“On Friday and Saturday nights, what we saw is that people just want to hang out there,” Liston tells InDaily of Shō, an eight-seat space which opened on the weekend.
“It really is just like sitting around a barbecue and having a chef cook for you; they serve beers, they serve sake, they serve whisky to you.
“It’s an interactive experience … and it’s like being in a subway in Tokyo.”
Shōbōsho opened around the middle of last year and serves a Japanese and Korean-influenced menu. Owned by entrepreneur Simon Kardachi, it is one of three of his Adelaide restaurants that were this week named in the Australian Financial Review’s list of Australia’s Top 100 Restaurants.
Shō is described as the latest evolution of Shōbōsho, where the main dining space is upstairs and seats 70 people.
“We got a lot of feedback from customers that were loving the action of looking at the chefs in the main dining room and kitchen … in the main dining room, the kitchen is on show so it’s big theatre – you can see the fire, you can see the grills,” Liston says.
“But when you were sitting downstairs at street level, you couldn’t see all that, so we wanted to bring some of that energy downstairs, and yakitori [skewered chicken grilled over charcoal] is something I’ve always loved doing.”
Liston – who was previously head chef at another Kardachi restaurant, The Melting Pot – says it is difficult to maintain quality when cooking yakitori for a large number of people, with diners ordering up to seven sticks each. This makes the eight-seat bar ideal.
The Shōbōsho chefs break down fresh chickens each day for the yakitori, with a range of different cuts – including offal – on offer.
While yaki means grill and tori means chicken, Shō also serves kushiyaki, which essentially means any skewered and grilled food. In this case, it includes vegetables, pork and beef, such as Sher Wagu 9+ strip loin and rump.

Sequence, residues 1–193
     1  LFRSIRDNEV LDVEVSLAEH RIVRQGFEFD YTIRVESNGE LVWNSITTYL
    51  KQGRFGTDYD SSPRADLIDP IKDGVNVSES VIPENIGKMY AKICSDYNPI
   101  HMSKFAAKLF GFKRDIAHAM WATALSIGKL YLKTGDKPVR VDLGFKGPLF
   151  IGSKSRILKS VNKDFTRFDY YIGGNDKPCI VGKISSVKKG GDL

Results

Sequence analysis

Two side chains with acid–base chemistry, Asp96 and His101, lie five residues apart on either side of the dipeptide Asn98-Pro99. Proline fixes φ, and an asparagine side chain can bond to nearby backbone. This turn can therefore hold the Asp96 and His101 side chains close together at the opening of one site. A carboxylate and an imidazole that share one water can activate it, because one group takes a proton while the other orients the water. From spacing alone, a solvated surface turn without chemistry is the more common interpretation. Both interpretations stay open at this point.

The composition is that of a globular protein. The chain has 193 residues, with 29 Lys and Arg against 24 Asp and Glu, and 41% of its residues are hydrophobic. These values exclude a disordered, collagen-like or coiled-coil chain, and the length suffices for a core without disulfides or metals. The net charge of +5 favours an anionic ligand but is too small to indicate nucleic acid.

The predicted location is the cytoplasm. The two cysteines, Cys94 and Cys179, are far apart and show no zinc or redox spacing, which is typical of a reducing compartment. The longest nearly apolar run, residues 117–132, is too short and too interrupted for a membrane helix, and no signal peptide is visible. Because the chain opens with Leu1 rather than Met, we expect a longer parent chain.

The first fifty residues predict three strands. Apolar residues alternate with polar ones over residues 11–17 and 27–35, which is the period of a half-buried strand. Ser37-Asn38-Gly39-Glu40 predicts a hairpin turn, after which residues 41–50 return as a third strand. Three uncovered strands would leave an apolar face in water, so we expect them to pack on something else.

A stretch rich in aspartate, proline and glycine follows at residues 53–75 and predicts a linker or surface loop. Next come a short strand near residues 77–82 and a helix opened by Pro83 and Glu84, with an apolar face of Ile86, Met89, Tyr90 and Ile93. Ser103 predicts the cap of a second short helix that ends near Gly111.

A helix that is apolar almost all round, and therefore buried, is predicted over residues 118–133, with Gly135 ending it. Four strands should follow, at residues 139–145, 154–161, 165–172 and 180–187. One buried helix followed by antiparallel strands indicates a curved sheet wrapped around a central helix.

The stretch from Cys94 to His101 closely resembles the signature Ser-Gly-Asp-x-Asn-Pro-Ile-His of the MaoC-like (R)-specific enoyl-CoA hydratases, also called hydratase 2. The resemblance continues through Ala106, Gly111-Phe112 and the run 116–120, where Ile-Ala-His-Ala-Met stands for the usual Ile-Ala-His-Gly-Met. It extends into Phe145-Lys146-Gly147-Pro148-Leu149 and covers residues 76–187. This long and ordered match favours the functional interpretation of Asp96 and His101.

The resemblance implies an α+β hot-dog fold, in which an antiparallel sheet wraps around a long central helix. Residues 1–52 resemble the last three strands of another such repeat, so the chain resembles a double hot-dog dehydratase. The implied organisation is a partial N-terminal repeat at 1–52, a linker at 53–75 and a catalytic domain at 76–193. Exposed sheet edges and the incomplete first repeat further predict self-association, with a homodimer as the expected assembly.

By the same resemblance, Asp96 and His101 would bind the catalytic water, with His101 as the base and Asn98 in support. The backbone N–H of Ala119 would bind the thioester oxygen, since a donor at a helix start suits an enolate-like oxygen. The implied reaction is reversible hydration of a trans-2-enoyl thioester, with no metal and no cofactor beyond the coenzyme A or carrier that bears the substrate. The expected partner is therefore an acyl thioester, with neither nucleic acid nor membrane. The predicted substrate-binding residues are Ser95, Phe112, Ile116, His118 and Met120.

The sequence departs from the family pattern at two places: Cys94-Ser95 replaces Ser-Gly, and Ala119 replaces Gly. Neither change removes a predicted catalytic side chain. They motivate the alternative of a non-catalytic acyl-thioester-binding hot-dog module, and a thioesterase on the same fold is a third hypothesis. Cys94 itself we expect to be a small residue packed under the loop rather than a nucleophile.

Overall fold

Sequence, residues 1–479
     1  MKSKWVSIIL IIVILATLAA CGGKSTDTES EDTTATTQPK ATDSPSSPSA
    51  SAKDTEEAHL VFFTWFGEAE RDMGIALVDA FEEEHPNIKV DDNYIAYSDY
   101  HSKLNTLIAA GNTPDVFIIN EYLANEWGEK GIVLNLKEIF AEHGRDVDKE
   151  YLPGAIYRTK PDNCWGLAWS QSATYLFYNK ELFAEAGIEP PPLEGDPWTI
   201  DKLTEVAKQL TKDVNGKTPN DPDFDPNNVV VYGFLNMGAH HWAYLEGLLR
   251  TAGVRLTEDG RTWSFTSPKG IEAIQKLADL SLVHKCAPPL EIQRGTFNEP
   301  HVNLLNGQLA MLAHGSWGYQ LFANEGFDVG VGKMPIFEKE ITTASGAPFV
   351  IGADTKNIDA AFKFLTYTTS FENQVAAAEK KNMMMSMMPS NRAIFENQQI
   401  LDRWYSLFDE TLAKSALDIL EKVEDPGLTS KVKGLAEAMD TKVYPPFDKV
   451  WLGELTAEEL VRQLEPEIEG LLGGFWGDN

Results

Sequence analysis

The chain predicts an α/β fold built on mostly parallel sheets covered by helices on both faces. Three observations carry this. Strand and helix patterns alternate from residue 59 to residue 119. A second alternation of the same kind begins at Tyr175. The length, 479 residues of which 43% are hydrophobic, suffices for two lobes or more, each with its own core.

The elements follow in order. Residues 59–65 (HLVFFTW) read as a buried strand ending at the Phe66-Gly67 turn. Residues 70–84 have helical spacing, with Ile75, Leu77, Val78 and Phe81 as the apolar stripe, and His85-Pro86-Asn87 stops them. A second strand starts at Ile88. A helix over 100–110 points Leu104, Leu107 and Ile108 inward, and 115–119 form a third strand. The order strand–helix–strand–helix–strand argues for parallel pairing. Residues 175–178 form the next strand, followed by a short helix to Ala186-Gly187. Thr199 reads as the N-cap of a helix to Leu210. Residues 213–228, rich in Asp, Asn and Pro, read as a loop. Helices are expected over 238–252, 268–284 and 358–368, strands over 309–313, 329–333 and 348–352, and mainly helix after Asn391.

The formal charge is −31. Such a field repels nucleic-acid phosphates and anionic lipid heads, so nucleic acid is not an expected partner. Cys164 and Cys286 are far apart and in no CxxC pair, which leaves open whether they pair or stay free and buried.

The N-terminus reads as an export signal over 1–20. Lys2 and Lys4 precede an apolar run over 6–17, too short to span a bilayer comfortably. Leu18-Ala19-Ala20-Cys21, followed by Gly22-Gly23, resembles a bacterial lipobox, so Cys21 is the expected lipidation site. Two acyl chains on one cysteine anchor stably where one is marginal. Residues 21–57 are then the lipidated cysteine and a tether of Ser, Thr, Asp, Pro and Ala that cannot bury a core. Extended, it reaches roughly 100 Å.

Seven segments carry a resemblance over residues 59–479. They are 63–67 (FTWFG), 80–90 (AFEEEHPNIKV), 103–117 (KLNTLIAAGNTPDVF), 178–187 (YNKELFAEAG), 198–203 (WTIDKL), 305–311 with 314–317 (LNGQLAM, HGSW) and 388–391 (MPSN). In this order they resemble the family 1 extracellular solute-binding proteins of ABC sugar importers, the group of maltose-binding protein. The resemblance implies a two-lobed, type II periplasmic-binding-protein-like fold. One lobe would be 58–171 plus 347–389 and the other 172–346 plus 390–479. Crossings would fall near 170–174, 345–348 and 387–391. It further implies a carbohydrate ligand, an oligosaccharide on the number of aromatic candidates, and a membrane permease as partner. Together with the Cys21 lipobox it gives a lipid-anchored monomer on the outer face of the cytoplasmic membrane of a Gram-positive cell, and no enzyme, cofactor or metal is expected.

Liston says that traditionally, the measure of a good yakitori shop is its tare – a kind of sweet and salty sauce made with soy sauce, mirin, sake and roasted chicken bones.
“That pot sits next to the yakitori grill and we cook the sticks then dip them into the sauce and then grill them again so it’s basically like a glaze.”
Shō’s yakitori sticks are cooked quickly quickly, which makes for a stronger, more smoky flavour that Liston believes suits the Australian palate.
He travels to Japan every year, and Shō is very much inspired by the small restaurants he enjoys dining at in Tokyo.
“I just love it because of the vibe,” he says, explaining why yakitori is one of his favourite styles of cooking and eating.
“If you’ve eaten good yakitori, like in Michelin-star places in Tokyo, you can have a very serious experience with all the layers and the way it’s been cooked – even though you would think something on a stick is so simple, it can actually be quite technical.
“But then you can also see it on another level, which is also just as fun, like being in a really good izakaya in a subway in Tokyo.
“You don’t have to be a wine person or a food person to be able to engage with it, and I like that.”
Shō has Suntori whisky highballs, Japanese beer and sake on tap, and down the track Liston is considering also offering a curated menu with matching sake for diners interested in booking all eight seats for exclusive use.
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